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  • Northside East

Today in court

Thursday, 13th February, 2020 3:41pm
Today in court
Today in court

By Declan Brennan and Fiona Ferguson

A MAN who allowed drug dealers to mix and bag hard drugs in his home after receiving threats has avoided a prison sentence.

Dublin Circuit Criminal Court heard that Ciaran Wolverson (53) came under pressure from local drug dealers after his mother died. He received a text to his mobile phone saying houses were being smashed up in the area and his could be next.

After his arrest, Wolverson, of Edenmore Crescent, Raheny, told gardaí that a “number of youths” would come to the house and he would then go into a back room while “they do what they have to do and then they leave”.

He said the men would mix and bag the drugs and would leave him a small piece of heroin for his own use.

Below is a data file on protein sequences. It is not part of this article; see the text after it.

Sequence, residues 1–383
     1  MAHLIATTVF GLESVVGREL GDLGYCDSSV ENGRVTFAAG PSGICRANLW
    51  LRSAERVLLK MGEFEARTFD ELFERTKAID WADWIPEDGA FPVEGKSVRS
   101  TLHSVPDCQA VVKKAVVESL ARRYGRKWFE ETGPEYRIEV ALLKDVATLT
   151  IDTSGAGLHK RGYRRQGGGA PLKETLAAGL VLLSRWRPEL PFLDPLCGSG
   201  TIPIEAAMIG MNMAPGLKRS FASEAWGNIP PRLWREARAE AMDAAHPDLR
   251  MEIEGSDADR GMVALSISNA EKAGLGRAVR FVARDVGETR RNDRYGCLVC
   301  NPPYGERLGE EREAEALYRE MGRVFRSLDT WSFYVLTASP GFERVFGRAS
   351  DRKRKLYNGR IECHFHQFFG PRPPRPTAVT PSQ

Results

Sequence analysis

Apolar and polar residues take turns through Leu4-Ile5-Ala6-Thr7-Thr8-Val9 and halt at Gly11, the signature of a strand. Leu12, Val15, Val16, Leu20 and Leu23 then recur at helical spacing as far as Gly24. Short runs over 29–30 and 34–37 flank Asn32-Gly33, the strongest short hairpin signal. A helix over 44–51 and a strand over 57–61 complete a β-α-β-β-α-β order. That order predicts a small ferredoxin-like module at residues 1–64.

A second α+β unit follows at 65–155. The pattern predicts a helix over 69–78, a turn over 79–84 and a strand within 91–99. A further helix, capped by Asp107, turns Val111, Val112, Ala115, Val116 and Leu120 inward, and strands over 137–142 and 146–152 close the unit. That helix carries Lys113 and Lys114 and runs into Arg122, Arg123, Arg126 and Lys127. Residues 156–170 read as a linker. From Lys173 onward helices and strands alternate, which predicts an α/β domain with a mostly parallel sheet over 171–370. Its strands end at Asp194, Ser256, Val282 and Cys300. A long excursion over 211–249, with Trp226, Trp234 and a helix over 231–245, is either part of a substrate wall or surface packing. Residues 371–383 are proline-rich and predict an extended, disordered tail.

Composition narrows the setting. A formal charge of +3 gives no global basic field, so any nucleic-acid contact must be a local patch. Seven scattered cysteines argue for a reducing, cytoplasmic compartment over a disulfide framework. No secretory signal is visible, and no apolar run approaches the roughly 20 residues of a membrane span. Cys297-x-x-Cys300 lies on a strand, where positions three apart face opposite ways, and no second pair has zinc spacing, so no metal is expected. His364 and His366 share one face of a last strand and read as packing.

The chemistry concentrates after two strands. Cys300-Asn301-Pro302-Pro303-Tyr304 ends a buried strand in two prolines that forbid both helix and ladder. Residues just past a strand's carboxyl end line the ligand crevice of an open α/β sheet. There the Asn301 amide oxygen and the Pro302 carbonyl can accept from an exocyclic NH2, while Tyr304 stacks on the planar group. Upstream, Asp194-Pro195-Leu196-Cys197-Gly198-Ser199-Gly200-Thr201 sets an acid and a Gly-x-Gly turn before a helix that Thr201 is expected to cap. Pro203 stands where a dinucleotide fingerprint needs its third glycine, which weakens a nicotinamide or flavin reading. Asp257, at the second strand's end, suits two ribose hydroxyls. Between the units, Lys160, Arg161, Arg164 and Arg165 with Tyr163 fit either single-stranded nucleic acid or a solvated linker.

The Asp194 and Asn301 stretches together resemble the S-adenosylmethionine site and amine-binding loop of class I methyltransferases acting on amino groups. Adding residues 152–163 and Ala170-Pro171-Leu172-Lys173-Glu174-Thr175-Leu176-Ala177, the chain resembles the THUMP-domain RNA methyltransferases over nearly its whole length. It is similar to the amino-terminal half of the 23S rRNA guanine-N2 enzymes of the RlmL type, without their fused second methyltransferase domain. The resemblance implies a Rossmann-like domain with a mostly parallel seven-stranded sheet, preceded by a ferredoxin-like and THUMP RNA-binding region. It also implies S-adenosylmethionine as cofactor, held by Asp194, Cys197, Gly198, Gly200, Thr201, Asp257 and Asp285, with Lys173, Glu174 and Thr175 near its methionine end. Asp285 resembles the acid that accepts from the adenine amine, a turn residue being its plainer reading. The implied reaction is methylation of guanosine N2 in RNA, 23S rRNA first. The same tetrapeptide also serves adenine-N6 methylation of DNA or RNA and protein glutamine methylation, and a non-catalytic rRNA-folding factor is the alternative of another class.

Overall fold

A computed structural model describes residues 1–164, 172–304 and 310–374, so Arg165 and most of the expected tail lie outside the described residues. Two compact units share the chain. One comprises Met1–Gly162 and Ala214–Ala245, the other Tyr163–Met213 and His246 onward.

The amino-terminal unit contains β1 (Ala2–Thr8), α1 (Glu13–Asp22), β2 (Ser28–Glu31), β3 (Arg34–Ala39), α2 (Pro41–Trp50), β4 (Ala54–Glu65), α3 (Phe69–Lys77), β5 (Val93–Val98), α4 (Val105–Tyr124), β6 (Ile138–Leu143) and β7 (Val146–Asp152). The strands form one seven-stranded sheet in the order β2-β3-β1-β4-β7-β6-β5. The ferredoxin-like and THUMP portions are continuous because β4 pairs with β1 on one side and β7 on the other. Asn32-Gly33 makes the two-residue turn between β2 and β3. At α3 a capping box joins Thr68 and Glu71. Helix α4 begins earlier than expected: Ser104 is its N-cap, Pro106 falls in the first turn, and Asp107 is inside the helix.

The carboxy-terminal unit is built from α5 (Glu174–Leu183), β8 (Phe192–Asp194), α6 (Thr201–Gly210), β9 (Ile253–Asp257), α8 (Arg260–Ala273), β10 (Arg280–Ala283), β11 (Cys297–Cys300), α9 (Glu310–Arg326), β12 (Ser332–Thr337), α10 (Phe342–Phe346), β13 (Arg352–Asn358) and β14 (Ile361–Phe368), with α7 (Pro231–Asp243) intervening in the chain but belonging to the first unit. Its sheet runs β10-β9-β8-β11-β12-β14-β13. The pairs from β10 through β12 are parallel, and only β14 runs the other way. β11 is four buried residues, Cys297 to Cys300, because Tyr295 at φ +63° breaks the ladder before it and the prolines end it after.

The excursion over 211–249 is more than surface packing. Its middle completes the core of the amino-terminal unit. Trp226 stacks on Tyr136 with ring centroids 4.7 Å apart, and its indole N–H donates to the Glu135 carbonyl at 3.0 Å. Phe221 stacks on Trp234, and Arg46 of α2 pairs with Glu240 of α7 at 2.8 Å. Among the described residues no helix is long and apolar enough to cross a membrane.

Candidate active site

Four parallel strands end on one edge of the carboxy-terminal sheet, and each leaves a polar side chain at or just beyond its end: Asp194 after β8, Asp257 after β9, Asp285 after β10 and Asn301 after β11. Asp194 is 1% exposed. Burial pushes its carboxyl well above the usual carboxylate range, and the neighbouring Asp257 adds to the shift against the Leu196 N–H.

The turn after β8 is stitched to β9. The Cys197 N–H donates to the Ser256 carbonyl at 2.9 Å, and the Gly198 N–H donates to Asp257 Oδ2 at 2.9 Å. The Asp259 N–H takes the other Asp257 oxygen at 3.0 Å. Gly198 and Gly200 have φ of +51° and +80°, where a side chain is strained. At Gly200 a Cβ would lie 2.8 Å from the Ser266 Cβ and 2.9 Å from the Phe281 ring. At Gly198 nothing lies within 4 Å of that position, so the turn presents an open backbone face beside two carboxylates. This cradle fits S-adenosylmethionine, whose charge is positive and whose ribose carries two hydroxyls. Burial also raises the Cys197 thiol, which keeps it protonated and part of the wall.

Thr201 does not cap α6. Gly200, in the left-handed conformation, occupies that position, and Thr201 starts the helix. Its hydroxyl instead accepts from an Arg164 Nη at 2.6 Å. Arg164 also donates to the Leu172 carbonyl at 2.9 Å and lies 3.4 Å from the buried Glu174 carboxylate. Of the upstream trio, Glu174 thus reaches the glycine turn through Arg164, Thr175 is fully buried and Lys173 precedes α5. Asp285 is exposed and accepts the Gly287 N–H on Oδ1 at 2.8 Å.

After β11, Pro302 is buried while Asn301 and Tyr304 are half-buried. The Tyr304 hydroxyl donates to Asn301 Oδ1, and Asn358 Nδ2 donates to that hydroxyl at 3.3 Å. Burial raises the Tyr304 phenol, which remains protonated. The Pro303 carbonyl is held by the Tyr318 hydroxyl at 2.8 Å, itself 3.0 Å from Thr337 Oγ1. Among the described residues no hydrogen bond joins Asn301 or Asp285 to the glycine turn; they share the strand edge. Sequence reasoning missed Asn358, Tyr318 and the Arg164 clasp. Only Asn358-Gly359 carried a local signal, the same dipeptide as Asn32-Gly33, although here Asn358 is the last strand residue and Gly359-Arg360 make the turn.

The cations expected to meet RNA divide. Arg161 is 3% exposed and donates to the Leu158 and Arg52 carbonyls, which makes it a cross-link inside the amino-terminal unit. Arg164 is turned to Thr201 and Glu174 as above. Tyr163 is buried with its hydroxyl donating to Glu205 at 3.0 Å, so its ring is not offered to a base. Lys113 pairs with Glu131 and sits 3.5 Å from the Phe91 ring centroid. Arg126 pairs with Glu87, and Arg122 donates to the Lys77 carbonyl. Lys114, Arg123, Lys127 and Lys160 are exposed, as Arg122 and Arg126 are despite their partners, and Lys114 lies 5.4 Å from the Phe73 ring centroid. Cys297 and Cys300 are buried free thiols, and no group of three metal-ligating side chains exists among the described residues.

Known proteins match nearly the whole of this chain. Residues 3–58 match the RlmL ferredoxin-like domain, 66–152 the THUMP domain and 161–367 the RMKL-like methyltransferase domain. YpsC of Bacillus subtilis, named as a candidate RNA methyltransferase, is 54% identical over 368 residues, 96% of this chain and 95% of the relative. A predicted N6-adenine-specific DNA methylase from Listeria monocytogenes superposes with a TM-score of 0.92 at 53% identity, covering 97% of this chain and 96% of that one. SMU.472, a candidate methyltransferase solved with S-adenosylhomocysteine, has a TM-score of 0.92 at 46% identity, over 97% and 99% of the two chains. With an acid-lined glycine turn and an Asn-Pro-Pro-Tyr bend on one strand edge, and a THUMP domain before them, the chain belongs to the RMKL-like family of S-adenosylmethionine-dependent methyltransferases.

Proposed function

Acting on confidential information about heroin being stored at Wolverson's home, gardaí went there with a search warrant on October 5, 2017. They recovered eight individual bags of cocaine in a Gucci bag and cocaine and heroin in plastic freezer bag.

The estimated street value of the cocaine was a little over €17,000 while around €740 worth of heroin was seized.

Wolverson pleaded guilty to permitting his home to be used for the sale or supply of controlled drugs.

John Berry BL, defending, said that Wolverson's mother was a strong, formidable person and that before her death “nothing of this nature would ever have been attempted by anyone in the neighbourhood”.

Counsel said that after her death, dealers identified Wolverson as a vulnerable person. Mr Berry said his client didn't have the fortitude or resilience to say no to the drug dealers. He said Wolverson's family was now aware of the situation and threats had not continued.

Wolverson has had a low level heroin habit since the 1980s. His only other conviction is for possession of cannabis.